Children’s, diabetes and dementia specialists, breast cancer nurses and experts looking at diseases of the brain and nervous system are all showcasing their work in Sheffield today to mark International Clinical Trials Day.
They will all be speaking about their latest projects at the Royal Hallamshire, Northern General and Children’s hospitals.
In the Hallamshire’s D floor canteen, 10 research teams will be on hand between 11am and 2pm, including diabetes medics who will be asking visitors to take part in a ‘sugar content challenge’ to see if people can correctly match up sugar amounts present in different sweet treats.
Displays are also being put up in outpatient areas across the two hospital sites.
Patients will also be able to take a behind-the-scenes look at Sheffield’s Clinical Research Facility between 2.30pm and 6pm at the Northern General and Hallamshire.
Visitors will be able to tour the scanning room, see what happens in the lab, and speak to volunteers about their experiences of taking part in a clinical study.
A series of talks are also taking place at the Northern General’s Medical Education Centre between 11am and 1.30pm.
The research facility at Sheffield Children’s Hospital is also opening its doors to all.
Cancer specialists from Sheffield’s Weston Park Hospital are hosting a public event in the radiotherapy department between 6pm and 7.30pm.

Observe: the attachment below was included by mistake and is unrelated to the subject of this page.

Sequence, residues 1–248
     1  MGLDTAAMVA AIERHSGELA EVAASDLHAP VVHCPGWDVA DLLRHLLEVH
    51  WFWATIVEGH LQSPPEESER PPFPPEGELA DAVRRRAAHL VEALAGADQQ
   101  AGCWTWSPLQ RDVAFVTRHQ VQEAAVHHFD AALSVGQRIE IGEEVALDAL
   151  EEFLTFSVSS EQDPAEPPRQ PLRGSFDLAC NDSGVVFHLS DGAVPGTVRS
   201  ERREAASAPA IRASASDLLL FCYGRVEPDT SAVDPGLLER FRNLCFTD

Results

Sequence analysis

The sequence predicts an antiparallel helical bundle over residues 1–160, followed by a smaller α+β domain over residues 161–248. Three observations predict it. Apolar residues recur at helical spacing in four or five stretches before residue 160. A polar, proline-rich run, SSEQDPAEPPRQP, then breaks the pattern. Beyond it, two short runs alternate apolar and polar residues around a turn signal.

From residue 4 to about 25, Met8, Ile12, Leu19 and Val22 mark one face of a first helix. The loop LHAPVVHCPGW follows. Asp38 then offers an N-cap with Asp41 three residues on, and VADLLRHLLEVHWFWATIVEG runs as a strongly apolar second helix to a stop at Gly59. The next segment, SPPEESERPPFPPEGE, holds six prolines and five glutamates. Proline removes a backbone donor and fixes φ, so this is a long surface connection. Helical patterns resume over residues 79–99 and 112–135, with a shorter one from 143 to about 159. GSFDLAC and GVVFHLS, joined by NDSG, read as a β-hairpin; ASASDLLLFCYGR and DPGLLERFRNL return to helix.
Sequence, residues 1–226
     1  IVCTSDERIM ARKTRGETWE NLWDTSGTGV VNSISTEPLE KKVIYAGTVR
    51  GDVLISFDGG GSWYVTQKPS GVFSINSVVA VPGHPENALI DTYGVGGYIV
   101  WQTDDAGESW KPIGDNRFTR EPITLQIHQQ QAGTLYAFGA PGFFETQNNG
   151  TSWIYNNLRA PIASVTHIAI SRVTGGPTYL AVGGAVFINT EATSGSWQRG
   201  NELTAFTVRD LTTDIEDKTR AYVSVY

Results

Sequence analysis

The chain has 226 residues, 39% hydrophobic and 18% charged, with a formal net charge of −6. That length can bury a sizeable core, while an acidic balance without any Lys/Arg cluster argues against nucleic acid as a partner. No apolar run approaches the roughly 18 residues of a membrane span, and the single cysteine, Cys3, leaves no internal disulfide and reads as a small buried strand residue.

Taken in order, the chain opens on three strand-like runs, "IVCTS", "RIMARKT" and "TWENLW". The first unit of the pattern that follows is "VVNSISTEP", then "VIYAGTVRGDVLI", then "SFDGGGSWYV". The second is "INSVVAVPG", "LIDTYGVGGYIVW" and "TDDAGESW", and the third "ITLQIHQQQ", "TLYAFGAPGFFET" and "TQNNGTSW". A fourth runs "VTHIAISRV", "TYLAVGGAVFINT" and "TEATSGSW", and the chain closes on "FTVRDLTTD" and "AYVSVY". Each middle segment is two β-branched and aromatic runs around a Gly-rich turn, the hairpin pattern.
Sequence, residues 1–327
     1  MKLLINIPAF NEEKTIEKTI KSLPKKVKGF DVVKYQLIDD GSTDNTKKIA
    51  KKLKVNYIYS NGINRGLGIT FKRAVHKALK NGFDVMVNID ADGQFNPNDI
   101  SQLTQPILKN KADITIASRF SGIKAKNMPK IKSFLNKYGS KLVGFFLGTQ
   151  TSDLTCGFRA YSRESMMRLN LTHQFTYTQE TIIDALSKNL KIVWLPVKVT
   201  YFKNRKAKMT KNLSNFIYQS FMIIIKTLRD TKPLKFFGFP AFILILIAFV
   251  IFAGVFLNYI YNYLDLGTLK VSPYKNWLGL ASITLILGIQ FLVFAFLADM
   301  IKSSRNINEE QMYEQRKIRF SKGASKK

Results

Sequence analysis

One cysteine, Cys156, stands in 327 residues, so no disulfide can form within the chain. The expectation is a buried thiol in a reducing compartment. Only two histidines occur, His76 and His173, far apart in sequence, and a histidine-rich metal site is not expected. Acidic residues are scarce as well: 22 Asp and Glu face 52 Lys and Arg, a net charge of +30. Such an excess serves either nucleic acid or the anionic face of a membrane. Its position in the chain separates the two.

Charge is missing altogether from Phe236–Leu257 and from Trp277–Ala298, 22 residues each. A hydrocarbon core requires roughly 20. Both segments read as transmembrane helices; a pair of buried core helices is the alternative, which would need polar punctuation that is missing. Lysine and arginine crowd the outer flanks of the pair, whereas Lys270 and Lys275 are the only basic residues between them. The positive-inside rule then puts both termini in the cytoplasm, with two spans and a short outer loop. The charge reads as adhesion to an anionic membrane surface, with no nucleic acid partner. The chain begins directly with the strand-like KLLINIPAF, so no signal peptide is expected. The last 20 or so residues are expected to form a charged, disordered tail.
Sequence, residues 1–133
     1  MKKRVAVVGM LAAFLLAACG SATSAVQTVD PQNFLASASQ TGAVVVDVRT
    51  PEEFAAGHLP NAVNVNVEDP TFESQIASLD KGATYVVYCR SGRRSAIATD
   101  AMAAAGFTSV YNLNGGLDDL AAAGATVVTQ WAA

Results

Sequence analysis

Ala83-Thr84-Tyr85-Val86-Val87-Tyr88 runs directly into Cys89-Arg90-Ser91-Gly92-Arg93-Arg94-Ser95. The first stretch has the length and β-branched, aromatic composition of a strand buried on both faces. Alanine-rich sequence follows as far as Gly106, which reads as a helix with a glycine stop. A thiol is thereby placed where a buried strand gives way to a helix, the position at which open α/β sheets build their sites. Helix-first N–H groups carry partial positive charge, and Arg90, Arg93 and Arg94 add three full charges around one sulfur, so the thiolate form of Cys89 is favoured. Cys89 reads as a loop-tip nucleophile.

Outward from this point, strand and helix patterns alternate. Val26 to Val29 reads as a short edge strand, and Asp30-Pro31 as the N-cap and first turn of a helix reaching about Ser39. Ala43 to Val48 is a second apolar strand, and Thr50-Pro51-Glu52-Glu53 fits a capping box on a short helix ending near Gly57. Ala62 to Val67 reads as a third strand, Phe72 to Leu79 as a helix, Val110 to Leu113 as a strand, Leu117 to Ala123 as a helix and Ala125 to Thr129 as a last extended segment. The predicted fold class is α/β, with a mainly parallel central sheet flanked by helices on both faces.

Plans will be on show for the hospital’s new Cancer Research and Treatment Suite, due to open in autumn this year.
International Clinical Trials Day is held on May 20 every year, and commemorates the launch of the first modern clinical trial by 18th century ship’s surgeon James Lind.
Lind’s experiments into the causes of scurvy took place in 1747 while he served on HMS Salisbury.
His trial consisted of just 12 men, grouped into pairs and given a variety of diet supplements from cider to oranges and lemons.
The research only lasted six days but there was a noticeable improvement in the group eating the fruit.
The earliest recorded clinical trial is documented in the Old Testament, however Lind is considered the originator of trials because he was the first to introduce control groups.
Call the children’s hospital on 0114 305 3219 or Sheffield Teaching Hospitals on 0114 22 65911 for more details.